A lemon law suit has been filed in Wisconsin over a Tesla Model S that has been out of commission 66 days and displaying a host of bugs, according to the filing.

The suit contends issues with the car – as shown in a video posted April 7, 2014 – have included dashboard failures, paint defects, power door handles that wouldn’t open, and the car has also failed to turn on.

Arguing the case for the $94,770 car purchased by a man named Robert Montgomery is none other that Milwaukee attorney, Vince Megna, the “King of Lemon Laws.”

Megna has made a career of getting restitution in hundreds of cases based on state law mandating automakers buy back cars that have been out of service 30 days or more.

In this sarcastic video, he even recruits a life-sized cardboard cutout of George Clooney, parroting Clooney’s self description as a “cat” who got Tesla’s Roadster early on, then returned it.

One of Megna’s observations regarding Tesla’s preferred method of bypassing an independent franchised dealer network, is the car had to be towed to Chicago and Tesla has allegedly been unresponsive and given the consumer a hard way to go.

Early adopters of the Model S have more often praised the car’s service “experience,” as Tesla promotes it. There have however been other reports of bugs and outright component failures in Model S cars.

More often, these, including a drive unit replaced twice in a car bought by Edmunds.com, have been expeditiously fixed at Tesla’s cost.

Furthermore, Tesla’s Model S has otherwise topped Consumer Reports’ owner satisfaction survey, but this is a car with many fans who have actively promoted it. For now, Tesla only has 20-some thousand units on American roads, but concerns are how things could go if Tesla were to be selling a half million cars annually some day not long from now.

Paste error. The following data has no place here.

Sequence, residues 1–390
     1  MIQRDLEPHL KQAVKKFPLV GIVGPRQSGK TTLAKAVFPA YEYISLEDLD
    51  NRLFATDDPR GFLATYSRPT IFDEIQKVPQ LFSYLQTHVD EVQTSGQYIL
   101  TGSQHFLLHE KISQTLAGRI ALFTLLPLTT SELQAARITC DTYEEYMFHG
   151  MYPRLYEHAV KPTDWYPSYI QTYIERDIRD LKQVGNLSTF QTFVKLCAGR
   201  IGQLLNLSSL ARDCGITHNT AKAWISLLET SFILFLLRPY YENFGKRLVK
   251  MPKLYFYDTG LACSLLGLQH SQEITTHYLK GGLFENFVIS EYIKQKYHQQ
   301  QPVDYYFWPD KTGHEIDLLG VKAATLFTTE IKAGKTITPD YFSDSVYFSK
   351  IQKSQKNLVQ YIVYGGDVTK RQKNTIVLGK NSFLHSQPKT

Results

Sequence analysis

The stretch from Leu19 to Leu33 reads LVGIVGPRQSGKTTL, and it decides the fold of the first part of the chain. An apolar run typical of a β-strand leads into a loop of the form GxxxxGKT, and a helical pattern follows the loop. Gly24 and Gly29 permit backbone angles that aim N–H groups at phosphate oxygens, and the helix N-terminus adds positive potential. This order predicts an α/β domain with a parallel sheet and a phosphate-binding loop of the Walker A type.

The notion that an electric car needs less maintenance and implicitly needs less service, as written by Elon Musk, is only theoretically true.

“There are no oil, spark plug or fuel filter changes, no tune-ups and no smog checks needed for an electric car,” he said last month in a blog post. “Also, all Tesla Model S vehicles are capable of over-the-air updates to upgrade the software, just like your phone or computer, so no visit to the service center is required for that either.”

All this is correct, but the Model S is not a golf cart with little more than a battery, motor and wheels. It is a highly engineered and complex system, with many servo motors, computers, lines of code, HVAC, and braking systems, infotainment, and, well, everything any gas-powered car has except the powertrain components.

Standard maintenance may be less, but there are plenty of things that need to stay working, not least of which being the battery system.

And while the “experience” is usually reported as stellar, Tesla covers itself exceptionally. Its sales contract puts strict limits on consumer recourse, and requires binding arbitration. Its contract also states that California law applies to the transaction and thus forbids class-action lawsuits.

Megna said Tesla did not reply to three requests to replace the car under Wisconsin lemon law.

The YouTube video – done for dramatic effect and so far with triple the thumbs down votes to thumbs up – tells what happened next.